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A preference for visual speed during smooth pursuit eye movement

Freeman, Tom C. A., Cucu, Maria O. and Smith, Laura 2018. A preference for visual speed during smooth pursuit eye movement. Journal of Experimental Psychology: Human Perception and Performance 44 (10) , pp. 1629-1636. 10.1037/xhp0000551

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Abstract

Does the preference for visual speed extend to motion perception when the eye moves? Current evidence from psychophysics and neuroscience is limited to small patches of image motion and stationary fixation. Active observers, however, are more likely to use large patches of retinal flow and extra-retinal signals accompanying eye movement to judge motion. We therefore investigated whether speed remains a primary dimension during smooth pursuit using a ‘discrimination-contour’ technique. Our results showed that observers struggled most when trying to discriminate pursued stimuli that travelled at the same speed but moved over different distances and durations. This remained the case when retinal flow was added, and when we isolated trials in which extra-retinal signals were the only salient cue to motion. Our results suggest that preferential sensitivity for visual speed is quite general, supported by the many different types of motion mechanism used by active observers.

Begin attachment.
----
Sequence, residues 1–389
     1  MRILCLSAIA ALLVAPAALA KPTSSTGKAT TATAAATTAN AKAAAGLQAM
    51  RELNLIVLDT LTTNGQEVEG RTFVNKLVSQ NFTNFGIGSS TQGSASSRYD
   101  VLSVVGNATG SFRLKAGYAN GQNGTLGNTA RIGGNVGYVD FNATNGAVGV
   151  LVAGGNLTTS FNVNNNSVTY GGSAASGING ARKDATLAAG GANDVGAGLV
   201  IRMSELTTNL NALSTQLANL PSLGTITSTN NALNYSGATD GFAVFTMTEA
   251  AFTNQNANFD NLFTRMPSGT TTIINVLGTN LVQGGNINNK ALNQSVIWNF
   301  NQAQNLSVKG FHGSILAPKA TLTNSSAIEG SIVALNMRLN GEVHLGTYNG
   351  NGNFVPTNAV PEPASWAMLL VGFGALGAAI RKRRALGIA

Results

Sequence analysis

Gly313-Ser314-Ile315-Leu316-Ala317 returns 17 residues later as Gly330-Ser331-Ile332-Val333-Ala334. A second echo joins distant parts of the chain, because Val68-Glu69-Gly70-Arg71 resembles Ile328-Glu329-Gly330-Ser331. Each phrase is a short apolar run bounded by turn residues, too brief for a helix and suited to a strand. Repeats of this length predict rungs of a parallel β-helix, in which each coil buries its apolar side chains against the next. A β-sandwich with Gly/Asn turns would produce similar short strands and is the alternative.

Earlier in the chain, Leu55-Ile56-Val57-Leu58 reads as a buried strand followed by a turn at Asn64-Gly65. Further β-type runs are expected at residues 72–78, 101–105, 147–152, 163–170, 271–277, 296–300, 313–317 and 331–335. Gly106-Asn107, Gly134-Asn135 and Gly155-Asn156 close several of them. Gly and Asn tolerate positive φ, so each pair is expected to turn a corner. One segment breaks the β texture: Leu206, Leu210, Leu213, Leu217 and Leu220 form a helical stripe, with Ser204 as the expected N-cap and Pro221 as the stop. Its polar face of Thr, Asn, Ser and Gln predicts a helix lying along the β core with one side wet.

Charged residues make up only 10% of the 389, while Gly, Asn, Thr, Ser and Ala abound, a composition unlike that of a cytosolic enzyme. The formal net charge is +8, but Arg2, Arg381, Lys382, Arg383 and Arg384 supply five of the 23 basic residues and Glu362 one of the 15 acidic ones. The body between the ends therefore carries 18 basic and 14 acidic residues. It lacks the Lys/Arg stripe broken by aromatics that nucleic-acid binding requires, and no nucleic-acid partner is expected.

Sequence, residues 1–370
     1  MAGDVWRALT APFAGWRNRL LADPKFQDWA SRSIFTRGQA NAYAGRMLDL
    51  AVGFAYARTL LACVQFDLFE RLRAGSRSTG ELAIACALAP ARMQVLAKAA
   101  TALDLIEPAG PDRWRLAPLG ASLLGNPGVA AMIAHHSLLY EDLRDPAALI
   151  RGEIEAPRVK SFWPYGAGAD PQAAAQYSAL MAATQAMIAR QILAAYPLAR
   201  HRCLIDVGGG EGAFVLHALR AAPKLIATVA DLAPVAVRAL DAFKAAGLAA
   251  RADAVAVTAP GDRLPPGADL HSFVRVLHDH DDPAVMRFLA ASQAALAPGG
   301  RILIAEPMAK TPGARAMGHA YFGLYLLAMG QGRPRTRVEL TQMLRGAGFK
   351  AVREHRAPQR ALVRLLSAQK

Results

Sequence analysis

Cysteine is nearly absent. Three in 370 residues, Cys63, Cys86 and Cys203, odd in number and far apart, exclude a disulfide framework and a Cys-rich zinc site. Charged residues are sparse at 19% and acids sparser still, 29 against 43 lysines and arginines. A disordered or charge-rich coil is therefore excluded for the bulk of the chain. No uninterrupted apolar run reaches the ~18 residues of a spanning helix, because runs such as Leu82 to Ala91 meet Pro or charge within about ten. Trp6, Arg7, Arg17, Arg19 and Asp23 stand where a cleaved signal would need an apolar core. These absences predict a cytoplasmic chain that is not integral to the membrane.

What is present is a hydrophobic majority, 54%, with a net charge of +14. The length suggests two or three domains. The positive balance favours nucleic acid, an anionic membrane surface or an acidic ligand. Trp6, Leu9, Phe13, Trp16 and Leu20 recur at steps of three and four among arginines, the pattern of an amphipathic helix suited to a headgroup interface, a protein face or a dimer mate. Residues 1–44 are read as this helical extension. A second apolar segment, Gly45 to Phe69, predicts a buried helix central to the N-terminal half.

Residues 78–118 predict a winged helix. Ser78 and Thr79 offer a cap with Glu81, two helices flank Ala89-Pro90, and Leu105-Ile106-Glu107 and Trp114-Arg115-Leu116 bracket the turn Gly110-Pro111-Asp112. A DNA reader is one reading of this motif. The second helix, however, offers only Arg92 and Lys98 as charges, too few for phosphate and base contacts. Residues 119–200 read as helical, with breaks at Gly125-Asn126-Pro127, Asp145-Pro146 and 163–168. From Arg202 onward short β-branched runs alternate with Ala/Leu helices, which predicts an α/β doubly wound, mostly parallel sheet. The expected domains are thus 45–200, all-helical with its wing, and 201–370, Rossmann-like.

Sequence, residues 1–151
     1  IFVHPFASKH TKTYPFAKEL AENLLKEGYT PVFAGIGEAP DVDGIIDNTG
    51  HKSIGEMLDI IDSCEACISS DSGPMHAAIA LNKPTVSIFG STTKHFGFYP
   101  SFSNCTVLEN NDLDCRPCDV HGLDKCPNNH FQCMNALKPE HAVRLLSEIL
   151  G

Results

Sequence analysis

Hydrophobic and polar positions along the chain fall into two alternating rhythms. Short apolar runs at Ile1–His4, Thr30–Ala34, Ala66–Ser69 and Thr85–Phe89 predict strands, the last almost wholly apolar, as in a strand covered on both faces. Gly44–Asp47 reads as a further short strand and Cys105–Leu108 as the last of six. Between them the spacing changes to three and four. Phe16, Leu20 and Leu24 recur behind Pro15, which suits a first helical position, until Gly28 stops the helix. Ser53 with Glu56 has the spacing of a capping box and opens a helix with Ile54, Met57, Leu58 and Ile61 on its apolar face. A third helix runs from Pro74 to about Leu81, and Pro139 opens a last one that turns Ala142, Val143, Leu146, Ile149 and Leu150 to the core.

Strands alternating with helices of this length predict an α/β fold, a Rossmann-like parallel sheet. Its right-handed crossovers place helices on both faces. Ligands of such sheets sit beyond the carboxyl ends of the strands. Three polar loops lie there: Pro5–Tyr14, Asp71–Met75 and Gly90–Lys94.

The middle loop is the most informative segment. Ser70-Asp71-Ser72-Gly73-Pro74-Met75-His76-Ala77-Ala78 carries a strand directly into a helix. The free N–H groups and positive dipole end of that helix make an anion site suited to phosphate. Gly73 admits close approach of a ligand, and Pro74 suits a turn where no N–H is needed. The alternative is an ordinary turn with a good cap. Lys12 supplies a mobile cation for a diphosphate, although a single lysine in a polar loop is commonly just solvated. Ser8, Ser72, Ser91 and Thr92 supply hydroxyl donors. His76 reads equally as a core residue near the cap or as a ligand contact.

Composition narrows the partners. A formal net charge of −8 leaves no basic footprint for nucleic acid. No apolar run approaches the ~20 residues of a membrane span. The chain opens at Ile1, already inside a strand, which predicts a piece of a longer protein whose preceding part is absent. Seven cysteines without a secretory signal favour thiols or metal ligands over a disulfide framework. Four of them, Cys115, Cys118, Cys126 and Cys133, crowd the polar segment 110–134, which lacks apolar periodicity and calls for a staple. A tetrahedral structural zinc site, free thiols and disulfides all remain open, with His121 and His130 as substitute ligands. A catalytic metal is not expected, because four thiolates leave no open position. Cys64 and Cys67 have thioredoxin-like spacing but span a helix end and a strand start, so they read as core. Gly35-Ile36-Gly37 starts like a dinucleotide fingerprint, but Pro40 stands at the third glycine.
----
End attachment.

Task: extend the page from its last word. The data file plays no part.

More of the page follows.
Item Type: Article
Date Type: Publication
Status: Published
Schools: Psychology
Uncontrolled Keywords: speed perception; motion perception; extra-retinal signals; retinal flow; smooth pursuit eye movement
Additional Information: Public Significance statement: Speed is considered a primary dimension in vision science, sensed independently from distance and time. However, the evidence is limited to experiments that use small patches of image motion and restrict eye movements. This ignores the cues more likely to be used during normal active viewing, such as large patches of retinal flow and extra-retinal motor signals from the eye-movement system. With these cues in place, we found visual speed is still sensed independently from distance and time. The mechanisms serving motion perception in active observers are therefore built on speed.
Publisher: American Psychological Association
ISSN: 0096-1523
Date of First Compliant Deposit: 28 March 2018
Date of Acceptance: 27 March 2018
Last Modified: 20 Oct 2019 11:13
URI: http://orca-mwe.cf.ac.uk/id/eprint/110304

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